Wednesday, April 13, 2016

Clams: Two if by sea

        Scenes from my restaurant life: One of our waiters came downstairs to find me.
     “There are some people here that want to see you…..” 
       I had assumed that friends had come to dine. “Uh….” 
       The waiter persisted, “They asked if they could talk to you….” He then offered more               information: “The cupcakes they brought for their party are smashed  and they were wondering if you could fix them.”
Me: “Not really…any butter cream I have is frozen……”
Yes. They brought their own cupcakes into the restaurant for their party, smashed them, and now needed to be bailed out.  So it goes. (sorry, Mr.V.)

 Many before me have been called by the sea.*”
Our local grocery store carries a variety of clams—little necks, top necks, and cherrystone. Cherrystones are large enough to use for clam sauce or chowder. A dozen shouldn’t set you back too much and they will make enough clam sauce or chowder for four people. If you are two, as we are, that means an extra dinner.
You don’t need to shuck the clams, either. Cooking the clams in either water or wine will open them and produce a great flavored broth. Making the broth and chopping the clams adds an extra step but one that’s easy and not very time consuming. And yes, I will admit that I used canned chopped clams for convenience when making clam sauce in the past but using fresh clams is worth it.
One dozen cherrystone clams make enough clams and broth for four servings of either the chowder or the pasta. The pasta recipe is scaled for two servings; there’s just two of us so one batch will provide two dinners. We freeze leftover broth and clams for another day. If you are making the recipe for four people, double the recipe. 
A (“white”) clam sauce is about as easy as it gets: good clam broth, chopped clams, garlic, hot pepper flakes, olive oil, and maybe a little bacon if you wish. We did. Pancetta would be the “Italian way” to go. Recently we dined at a local Italian restaurant and their linguine with clam sauce--“Linguine, Clams, Pancetta”-- was described as having “thinly sliced applewood smoked bacon.” So you see, even Italians can be loosey-goosey.

Pasta with Clam Sauce
The broth makes enough for four servings
For the broth:
1 dozen Cherrystone clams
1/2 cup dry white wine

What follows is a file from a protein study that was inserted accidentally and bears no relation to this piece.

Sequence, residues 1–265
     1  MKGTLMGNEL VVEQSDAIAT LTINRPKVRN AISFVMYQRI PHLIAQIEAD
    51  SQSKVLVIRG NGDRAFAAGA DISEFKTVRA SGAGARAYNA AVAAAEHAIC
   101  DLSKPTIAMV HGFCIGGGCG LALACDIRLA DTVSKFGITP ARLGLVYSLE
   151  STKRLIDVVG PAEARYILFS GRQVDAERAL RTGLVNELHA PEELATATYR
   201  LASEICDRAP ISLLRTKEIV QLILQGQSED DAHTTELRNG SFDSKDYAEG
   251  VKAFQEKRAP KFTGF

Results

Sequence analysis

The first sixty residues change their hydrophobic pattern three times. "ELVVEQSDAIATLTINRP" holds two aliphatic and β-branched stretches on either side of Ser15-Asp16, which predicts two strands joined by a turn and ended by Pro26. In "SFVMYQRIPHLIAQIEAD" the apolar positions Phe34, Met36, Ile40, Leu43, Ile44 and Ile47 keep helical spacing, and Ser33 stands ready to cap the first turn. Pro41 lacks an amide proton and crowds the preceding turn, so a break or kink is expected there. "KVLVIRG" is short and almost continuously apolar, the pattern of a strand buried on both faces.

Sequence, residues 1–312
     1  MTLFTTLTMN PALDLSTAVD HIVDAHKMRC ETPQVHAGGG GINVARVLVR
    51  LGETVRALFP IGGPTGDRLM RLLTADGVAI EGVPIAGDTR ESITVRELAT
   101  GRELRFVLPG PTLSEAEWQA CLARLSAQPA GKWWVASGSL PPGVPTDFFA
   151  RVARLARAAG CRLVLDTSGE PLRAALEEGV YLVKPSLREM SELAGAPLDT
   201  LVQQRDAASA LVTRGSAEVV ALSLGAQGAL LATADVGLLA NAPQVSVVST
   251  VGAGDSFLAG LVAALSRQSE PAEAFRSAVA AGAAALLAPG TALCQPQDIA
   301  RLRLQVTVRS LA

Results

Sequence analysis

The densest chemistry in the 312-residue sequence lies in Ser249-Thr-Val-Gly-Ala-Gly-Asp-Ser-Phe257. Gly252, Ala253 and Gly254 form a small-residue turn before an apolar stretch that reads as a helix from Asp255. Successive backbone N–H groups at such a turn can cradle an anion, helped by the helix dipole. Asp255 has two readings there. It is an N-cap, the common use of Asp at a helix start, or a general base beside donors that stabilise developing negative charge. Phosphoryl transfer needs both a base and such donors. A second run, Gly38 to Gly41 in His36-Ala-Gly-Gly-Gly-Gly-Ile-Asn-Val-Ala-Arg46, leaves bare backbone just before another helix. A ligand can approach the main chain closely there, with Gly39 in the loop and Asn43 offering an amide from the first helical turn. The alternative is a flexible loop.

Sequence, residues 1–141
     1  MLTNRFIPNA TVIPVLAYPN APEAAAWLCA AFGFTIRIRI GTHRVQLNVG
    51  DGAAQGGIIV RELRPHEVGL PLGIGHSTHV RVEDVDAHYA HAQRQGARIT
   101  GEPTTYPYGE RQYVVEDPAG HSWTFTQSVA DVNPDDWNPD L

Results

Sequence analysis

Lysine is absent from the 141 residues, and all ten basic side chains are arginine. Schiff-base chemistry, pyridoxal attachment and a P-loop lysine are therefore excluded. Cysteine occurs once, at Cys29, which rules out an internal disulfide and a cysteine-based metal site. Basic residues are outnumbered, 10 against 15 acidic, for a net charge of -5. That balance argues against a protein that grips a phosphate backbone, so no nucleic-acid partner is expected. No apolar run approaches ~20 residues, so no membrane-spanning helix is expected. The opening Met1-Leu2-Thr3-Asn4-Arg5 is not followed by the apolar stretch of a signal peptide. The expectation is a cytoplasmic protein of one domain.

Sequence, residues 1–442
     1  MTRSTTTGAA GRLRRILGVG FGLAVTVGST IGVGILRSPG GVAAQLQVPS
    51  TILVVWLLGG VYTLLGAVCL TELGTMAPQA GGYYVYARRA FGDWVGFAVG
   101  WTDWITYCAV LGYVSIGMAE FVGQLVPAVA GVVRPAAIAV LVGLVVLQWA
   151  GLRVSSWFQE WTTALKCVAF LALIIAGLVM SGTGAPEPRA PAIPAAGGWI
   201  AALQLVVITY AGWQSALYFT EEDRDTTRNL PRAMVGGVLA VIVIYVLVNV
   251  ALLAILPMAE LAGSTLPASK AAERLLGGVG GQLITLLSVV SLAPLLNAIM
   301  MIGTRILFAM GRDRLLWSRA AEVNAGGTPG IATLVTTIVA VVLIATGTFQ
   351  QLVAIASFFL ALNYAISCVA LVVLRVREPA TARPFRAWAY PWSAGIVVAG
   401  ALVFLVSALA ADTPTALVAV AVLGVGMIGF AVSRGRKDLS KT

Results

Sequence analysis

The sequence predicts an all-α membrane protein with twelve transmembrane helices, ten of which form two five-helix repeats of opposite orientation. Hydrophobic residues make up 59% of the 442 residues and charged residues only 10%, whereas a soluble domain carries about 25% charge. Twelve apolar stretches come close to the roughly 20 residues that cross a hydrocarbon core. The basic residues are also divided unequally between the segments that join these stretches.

1 to 2 cloves garlic, minced

This makes enough for two servings:
6 ounces (dry) pasta (linguine, spaghetti, etc)
1 to 2 cloves minced garlic
2 slices thick cut bacon, cut into 1/2”- thick slices or 1/4 cup diced pancetta
1 to 2 cloves garlic, minced
red pepper flakes, to taste (optional)
olive oil, for cooking
1/2 cup reserved clam broth
1/2 cup chopped clams
2 Tablespoons chopped flat leaf parsley
salt and ground black pepper
1 Tablespoon unsalted butter

1. Begin by making the broth. Rinse and scrub the clams under cold water. Place the cleaned clams into a sauce pot along with the wines and the garlic. Cover the clams and cook over high heat until the clams open, about 10 to 12 minutes. As each clam opens, remove them from the pot and place them into a bowl. If any clams don’t open, discard them. It’s nature’s way of telling you something’s wrong. Let the broth cool slightly then pour it carefully into a bowl, watching for any sediment at the bottom of the pot. There will be about 1 1/2 cups broth. Remove the clams from their shells and chop the clams; set chopped clams aside.
2. Place a large sauté pan onto the stove over medium-high heat. Swirl in 1 to 2 tablespoons olive oil. Add the bacon to the pan and cook until crisp. Remove the bacon from the pan and drain it on paper towels. Drain the bacon fat from the pan. Return the pan to the stove over medium-high heat. Swirl in 1 to 2 tablespoons olive oil. Add the garlic and cook until fragrant, about 30 seconds. Add the red pepper flakes and 1/2 cup of the clam broth. Simmer for a minute then set the pan aside.